the bluebonnet norfolk terrier club
Tips On Living With Your Norfolk
Tip Of The Week
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Content is not warranted or endorsed by The Bluebonnet Norfolk Terrier Club but is intended as a reference guide for living with Norfolks. next next previous previous Reverse sneezing is common in dogs. Episodes can last for a minute or two as the dog's eyes bulge, his neck stretches and he spreads his elbows apart. You can stop an attack by massaging the dog's throat or briefly pinching off his nose to make him swallow. In extreme cases, medication can reduce the number of episodes. Nobody knows exactly why the episodes occur, but they may be related to allergies, nasal irritants or nasal inflammation. Attacks don't last long and are not life-threatening.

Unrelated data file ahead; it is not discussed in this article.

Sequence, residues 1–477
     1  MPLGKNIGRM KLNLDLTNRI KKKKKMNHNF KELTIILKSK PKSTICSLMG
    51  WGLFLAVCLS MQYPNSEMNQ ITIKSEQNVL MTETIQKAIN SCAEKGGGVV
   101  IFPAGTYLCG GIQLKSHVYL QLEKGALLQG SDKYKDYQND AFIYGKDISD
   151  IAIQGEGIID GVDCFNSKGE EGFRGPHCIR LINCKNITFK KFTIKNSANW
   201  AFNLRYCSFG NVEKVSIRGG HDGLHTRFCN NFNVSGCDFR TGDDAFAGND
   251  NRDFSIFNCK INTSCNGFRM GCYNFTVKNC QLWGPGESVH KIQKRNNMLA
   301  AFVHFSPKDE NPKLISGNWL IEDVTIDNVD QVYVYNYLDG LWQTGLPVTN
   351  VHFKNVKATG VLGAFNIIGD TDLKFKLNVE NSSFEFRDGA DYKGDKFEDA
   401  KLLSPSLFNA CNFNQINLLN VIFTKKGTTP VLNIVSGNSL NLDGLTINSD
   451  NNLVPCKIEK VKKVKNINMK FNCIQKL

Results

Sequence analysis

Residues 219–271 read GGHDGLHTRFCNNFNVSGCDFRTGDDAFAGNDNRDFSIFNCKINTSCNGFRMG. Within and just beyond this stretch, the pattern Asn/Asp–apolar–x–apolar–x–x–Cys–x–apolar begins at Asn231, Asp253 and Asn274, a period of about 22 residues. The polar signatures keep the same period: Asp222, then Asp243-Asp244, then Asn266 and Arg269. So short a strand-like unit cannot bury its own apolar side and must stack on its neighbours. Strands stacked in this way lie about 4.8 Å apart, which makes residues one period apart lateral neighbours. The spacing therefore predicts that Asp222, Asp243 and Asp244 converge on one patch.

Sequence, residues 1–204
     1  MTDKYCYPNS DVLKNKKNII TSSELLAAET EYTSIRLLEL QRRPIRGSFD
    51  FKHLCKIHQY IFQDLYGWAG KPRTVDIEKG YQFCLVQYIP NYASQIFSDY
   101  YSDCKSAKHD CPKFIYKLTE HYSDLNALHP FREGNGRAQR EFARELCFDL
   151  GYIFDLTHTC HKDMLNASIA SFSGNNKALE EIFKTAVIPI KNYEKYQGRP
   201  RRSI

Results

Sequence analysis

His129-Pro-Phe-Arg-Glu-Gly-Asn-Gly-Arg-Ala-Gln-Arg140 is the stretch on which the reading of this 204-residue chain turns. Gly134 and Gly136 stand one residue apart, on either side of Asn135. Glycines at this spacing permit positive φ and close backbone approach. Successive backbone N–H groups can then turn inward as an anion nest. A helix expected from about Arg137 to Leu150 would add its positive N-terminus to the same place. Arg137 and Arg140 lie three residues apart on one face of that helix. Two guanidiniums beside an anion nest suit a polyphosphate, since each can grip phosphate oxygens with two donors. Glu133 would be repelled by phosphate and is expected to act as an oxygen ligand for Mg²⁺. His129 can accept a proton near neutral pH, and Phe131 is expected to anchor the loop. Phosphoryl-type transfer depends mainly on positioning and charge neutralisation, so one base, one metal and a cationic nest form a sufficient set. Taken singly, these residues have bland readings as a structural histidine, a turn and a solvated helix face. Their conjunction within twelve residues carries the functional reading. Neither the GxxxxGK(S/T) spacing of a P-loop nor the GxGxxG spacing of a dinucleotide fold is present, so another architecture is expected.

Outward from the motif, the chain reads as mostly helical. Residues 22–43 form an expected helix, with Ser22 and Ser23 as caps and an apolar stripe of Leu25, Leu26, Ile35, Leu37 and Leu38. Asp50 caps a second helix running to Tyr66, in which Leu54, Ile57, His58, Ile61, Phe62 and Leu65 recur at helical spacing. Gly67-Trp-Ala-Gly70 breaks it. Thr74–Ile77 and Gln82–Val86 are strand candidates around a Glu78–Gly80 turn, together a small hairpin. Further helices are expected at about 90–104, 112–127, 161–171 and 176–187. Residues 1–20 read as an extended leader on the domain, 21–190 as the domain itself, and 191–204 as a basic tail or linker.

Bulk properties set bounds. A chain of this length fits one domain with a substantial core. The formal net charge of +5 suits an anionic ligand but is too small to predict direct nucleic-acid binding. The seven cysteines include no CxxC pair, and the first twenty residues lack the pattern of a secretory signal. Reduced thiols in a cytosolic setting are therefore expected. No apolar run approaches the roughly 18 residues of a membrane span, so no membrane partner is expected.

Pool safety is important! Some dogs, especially young, elderly, or otherwise debilitated dogs, cannot swim. Even dogs that once were excellent swimmers can lose their ability with weakness. Others may become disoriented should they accidentally fall in while drinking. Recognize the danger and exercise caution: pool fences and alarms are very useful. Invisible fencing may be of use to restrict the entire pool area. Dogs can slip under a pool cover and drown, not being able to get out of the pool via steps. Safety first: do not allow your dog unattended access to your pool! Did you overdo your dog's nail trim? Bleeding toenails can oftentimes be remedied with some household ingredients. A small amount of flour packed onto the end of the nail will often quell the bleeding. Also try rubbing a bar of soap on the end of the nail for the same effect. Nothing, however, beats having a stash of styptic powder, which you can buy at your local pet store or at your vet's office. Positive Identification of your pet is best achieved via a micro chip (readable by the most common readers), tattoo or DNA registration with the AKC. If your pet wears a collar and tags, make sure the collar is fitted correctly so that your pet cannot catch the collar on an obstacle that could cause strangulation. A properly fitting collar should allow for one finger to comfortable fit between the collar and the pet's neck. After a major storm, remember to keep your pet restrained until you are certain your dwelling and yard is safe. Weakened ceilings, falling trees and electrical lines, etc. are just as dangerous to your pet as they are to you. Snakes and mosquitos are abundant after a storm, and other wildlife habitat has been disturbed, and wildlife may not behave normally. The stress of a major crisis extends to your pets, and you may be well served to leave your pets with trusted friends or family until you have re-secured your home and yard. Hurricane and other Emergency Preparations should include your pets. Consider the safe evacuation of your pet, as not all storm shelters will allow pets. Research through your civic emergency agency a safe haven for both you and your pets and PLAN for the safe evacuation of both. In the case of Tornado threat, bring your pets into the centermost area of your home (usually the basement or bathroom). Place your pets in crates for additional protection. Allow a quart to a half gallon of water or more per day per dog, depending upon your dog's weight. Always keep at least three days of dog food on hand so that in the stress of an emergency you will not have to alter your dog's diet. Changing diet in times of stress can cause intestinal upsets. Most pet deaths in auto/RV accidents are pets traveling loose in the vehicles or in crates that break open easily. If a vehicle crashes into something, your pet's crate is its seatbelt, and your beloved friend is much more likely to survive if it travels in a crate or using one of the approved pet seat belts. Hot weather affects the digestive system in dogs. Be sure to avoid feeding your dog immediately before or immediately after exercising in hot weather. Be certain you understand the registration organization for your new puppy. Puppy Mills and unscrupulous breeders will offer puppies as "registered", implying the litter is registered with The American Kennel Club, when in fact the litter is registered with some other registration organization that may not require the same ethics and record keeping that The American Kennel Club requires. Every home with animals should have a prominent sign on the house to alert fire department personnel of the presence of pets in the house. This can help improve the likelihood of their rescue.
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